Sunday evening the scent
of war pervades all
Sunday evening the scent of war pervades all in this chilled wind that bites
deep, turns the bone to ice, flickers the candles that we hold huddled together
as much for warmth as in recognition and resignation of the moment.
Voices, sad voices, waver but bravely bring forth a song, a song of life, a song
of an earnest appeal for peace, a song to tell the world that, despite all that
has happened with the smell of the death of the burning towers still buried deep
within our souls, this is wrong, that a nation that lets loose the dam of misplaced
vengeance will later have to pay with the blood of its own
My eyes cast across the faces, grim skin pulled taut stretched over the skulls,
watery eyes weary, so weary, that once again we are here, once again we raise
our voices against a world gone mad crying allegiance to the angel of death instead
of the tree of life.
My eyes cast and plead for another to return the glance that says “I understand
how this rips deep into the sadness that walks with you at all
times,” that says “I stare out with you through your eyes and know
what moves you when such embers smolder deep within your heart.”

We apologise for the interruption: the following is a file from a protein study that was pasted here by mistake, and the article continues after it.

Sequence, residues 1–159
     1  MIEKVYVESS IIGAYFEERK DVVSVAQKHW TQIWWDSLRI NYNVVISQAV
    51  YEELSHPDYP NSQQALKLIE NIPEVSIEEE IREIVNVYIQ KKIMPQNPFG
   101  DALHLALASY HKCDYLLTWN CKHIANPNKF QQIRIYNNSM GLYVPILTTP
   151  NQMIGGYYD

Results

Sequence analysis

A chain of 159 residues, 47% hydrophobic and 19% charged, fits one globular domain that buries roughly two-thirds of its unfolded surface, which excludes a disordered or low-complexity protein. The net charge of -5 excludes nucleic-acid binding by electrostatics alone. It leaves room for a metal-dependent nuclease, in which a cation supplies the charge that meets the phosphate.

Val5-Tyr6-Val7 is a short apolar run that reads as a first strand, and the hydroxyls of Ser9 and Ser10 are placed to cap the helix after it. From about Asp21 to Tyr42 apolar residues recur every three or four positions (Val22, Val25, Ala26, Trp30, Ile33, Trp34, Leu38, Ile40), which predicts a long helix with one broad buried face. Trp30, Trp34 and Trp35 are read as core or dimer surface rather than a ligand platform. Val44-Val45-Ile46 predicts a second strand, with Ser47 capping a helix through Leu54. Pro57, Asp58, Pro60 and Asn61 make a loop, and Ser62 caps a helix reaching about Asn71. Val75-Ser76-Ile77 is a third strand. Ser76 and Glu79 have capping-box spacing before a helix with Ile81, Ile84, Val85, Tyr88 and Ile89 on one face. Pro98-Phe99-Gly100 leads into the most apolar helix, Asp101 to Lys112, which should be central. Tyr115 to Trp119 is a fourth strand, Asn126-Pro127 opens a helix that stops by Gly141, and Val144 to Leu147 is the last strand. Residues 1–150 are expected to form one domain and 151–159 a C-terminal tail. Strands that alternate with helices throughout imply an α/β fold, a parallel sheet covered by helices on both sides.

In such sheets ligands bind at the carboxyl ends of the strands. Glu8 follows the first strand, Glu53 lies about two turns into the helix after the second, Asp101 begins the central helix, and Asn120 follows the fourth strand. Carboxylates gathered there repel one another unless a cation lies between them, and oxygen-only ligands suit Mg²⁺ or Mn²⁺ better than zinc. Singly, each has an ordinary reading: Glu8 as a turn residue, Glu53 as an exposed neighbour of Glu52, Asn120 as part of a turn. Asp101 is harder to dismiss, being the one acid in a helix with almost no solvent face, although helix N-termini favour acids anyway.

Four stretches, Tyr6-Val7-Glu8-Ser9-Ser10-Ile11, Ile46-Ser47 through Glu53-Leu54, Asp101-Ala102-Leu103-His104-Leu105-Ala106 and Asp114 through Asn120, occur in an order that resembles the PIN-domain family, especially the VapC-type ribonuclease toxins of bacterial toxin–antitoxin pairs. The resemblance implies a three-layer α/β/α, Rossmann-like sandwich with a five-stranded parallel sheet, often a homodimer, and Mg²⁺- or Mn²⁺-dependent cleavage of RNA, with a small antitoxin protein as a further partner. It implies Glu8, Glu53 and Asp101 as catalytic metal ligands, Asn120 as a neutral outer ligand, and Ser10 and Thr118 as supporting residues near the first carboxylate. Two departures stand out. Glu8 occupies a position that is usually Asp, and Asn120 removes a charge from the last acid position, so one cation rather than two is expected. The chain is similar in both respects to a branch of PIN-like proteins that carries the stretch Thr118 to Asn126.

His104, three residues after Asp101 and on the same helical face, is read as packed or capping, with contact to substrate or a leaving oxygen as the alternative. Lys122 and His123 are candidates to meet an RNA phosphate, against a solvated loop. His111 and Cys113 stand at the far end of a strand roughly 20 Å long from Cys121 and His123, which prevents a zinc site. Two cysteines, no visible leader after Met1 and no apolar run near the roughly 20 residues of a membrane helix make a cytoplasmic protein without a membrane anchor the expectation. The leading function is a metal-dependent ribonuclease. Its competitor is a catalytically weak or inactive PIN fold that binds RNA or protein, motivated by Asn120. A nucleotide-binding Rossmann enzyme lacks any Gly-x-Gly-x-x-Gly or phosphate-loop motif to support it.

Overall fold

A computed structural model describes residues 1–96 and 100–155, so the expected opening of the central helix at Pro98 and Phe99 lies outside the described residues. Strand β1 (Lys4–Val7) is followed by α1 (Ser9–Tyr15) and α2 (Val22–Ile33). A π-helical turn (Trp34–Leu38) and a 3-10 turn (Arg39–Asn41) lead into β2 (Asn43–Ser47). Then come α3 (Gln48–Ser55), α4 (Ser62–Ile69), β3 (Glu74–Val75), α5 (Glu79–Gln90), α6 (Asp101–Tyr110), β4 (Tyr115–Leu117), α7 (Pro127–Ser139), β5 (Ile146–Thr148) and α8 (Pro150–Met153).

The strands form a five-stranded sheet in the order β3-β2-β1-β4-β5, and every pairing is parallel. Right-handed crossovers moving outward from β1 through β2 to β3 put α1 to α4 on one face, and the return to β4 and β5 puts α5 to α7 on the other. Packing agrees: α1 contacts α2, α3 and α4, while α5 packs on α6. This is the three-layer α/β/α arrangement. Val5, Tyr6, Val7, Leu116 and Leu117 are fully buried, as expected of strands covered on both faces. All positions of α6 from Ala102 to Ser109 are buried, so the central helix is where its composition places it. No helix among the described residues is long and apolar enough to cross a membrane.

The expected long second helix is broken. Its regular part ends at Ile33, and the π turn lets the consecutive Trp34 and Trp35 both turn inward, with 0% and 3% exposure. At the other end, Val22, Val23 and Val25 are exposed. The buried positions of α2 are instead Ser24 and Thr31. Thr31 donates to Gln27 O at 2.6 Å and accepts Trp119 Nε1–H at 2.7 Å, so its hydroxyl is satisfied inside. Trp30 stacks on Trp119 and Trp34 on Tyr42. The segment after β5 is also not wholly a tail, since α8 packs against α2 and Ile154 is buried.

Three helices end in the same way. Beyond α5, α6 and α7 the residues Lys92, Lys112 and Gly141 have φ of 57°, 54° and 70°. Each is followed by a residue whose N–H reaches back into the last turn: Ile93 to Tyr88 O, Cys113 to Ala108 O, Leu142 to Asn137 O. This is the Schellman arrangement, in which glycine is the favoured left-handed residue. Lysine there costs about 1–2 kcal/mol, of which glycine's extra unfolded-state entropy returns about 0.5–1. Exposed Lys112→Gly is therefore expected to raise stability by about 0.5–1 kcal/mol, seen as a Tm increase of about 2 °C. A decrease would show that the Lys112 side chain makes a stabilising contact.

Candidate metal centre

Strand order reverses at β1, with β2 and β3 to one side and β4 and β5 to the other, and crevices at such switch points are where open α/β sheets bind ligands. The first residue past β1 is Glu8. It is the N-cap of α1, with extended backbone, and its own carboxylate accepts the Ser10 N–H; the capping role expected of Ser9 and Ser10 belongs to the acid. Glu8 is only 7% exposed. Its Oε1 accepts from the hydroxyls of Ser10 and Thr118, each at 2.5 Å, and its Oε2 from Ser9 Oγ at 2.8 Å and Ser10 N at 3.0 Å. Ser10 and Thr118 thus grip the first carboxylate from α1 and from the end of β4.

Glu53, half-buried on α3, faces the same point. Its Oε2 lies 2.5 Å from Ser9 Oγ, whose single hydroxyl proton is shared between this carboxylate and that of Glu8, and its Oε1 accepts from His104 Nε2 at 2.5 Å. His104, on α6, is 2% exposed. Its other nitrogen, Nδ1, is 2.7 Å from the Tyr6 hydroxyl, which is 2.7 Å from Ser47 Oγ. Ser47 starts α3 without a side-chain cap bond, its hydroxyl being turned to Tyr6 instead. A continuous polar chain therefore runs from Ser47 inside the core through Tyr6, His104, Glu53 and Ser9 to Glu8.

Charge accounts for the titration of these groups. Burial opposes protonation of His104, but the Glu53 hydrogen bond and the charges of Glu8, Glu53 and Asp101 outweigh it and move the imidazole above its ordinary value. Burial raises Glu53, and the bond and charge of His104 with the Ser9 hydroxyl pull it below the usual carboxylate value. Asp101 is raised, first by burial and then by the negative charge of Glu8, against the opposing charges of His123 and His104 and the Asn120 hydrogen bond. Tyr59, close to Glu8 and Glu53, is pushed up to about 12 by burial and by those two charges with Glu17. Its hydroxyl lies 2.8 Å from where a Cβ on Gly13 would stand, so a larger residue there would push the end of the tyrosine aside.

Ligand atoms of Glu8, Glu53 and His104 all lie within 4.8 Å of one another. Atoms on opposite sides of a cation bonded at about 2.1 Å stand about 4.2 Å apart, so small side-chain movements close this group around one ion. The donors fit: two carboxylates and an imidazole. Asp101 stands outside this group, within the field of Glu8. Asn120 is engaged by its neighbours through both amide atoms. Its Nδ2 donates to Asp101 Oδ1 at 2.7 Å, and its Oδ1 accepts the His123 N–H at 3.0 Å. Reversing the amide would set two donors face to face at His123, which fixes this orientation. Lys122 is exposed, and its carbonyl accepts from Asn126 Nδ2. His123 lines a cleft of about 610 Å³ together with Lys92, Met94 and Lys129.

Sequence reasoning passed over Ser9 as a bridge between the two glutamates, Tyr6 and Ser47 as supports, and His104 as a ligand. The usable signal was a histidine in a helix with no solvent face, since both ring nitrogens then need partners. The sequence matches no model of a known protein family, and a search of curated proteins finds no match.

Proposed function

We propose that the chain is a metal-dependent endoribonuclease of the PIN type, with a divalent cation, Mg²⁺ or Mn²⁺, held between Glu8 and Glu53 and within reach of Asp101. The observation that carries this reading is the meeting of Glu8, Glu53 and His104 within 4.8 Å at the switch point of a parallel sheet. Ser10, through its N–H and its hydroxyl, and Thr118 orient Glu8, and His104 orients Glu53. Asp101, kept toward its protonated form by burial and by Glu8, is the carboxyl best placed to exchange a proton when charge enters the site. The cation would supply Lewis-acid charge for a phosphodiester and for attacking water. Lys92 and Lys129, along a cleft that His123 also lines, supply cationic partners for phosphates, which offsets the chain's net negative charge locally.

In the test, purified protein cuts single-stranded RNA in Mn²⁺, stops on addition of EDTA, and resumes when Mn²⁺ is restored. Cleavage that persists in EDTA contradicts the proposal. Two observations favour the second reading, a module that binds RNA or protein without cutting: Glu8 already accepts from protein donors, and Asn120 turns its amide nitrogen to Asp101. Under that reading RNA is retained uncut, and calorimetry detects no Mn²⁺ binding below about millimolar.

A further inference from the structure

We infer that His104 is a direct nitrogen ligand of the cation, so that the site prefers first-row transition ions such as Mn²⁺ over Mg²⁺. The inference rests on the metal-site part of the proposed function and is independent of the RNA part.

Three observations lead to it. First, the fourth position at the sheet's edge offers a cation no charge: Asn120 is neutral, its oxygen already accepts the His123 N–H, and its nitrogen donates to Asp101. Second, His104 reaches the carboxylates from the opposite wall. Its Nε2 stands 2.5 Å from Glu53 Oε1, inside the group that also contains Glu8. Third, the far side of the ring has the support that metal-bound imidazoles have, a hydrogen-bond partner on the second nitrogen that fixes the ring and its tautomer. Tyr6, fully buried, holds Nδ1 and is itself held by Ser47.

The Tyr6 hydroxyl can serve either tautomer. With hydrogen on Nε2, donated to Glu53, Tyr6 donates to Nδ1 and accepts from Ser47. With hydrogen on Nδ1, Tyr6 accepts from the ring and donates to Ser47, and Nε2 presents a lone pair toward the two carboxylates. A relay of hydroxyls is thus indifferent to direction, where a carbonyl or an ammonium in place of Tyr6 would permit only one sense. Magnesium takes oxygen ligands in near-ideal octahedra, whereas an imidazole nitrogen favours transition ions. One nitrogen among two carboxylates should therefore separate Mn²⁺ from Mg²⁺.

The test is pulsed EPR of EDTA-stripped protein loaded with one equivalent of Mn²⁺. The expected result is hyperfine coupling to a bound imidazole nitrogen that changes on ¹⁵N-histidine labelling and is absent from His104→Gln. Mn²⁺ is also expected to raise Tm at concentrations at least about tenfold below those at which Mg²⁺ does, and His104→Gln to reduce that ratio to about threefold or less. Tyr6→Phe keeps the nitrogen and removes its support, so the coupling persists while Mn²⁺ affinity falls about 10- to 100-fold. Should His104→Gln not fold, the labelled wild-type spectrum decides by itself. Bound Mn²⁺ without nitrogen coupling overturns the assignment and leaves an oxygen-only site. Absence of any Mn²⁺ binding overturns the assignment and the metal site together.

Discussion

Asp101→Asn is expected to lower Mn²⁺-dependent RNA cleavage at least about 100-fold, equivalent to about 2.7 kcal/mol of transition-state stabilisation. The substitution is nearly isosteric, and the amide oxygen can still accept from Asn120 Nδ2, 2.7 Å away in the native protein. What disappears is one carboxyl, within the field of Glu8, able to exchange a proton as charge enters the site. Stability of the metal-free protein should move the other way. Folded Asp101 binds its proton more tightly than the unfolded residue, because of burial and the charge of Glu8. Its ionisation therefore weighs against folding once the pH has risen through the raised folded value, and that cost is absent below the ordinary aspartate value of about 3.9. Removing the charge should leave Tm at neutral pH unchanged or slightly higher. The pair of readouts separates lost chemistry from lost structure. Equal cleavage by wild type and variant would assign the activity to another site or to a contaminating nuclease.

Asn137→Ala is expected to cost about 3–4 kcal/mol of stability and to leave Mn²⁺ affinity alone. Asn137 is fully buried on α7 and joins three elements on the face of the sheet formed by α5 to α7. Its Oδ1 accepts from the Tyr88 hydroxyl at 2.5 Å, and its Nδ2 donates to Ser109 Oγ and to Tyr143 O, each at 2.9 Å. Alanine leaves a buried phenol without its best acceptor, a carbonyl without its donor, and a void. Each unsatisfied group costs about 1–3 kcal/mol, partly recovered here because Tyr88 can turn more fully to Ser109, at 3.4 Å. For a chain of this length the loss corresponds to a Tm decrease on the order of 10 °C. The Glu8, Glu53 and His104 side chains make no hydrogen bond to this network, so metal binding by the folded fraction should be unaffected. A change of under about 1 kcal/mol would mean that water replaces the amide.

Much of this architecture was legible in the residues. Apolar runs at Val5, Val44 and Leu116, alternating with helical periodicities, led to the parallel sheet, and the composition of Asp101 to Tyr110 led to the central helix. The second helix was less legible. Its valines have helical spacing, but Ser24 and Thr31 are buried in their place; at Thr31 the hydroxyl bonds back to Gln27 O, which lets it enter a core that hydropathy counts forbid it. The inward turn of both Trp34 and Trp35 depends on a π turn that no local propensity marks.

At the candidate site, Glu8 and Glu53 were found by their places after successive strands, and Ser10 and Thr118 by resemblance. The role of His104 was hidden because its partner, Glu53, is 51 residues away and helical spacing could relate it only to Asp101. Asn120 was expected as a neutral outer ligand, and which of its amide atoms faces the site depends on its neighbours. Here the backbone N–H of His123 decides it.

I am aware that we all do this. We all do this alone.
And we realize that our voices this night fall on stone ears. We all know this
When the song fades to echoes and memory, drums begin, and I watch a friend dance,
her long hair shimmering in the light of the remaining candles, as she tries
to lose herself in the rhythm, tries to allow all the pain to release, to fade,
to be forgotten, though we know that the torment we feel is closer than our breath,
more glued to our spirits than our heartbeats.
I turn and walk away. I do not feel the dance.
On the way to my car the angst intensifies, consumes me in an inferno of anguish
as my soul walks the flickering shadows with a sense of hopelessness and despair
which grows deeper with each hesitant step that I take.
My thoughts are broken by a piece of paper that moves across the street in a
tango with the cold wind and just as quickly disappears from my sight. I stop
to watch the whisper of the illusion of where it appeared and ponder the message
that it might have carried: perhaps one of hope, perhaps one to explain why such
horrors happen, or perhaps the page was merely blank, torn from the notebook
and lost before any thoughts were formed.
I cup my hands, blow on them in hope that removing the cold from my fingers can
thaw the ice that now blankets my emotions as I wonder if anyone will ever again
know the joy of roses when they bloom upon the page.
For I know that we all do this. We all do this alone.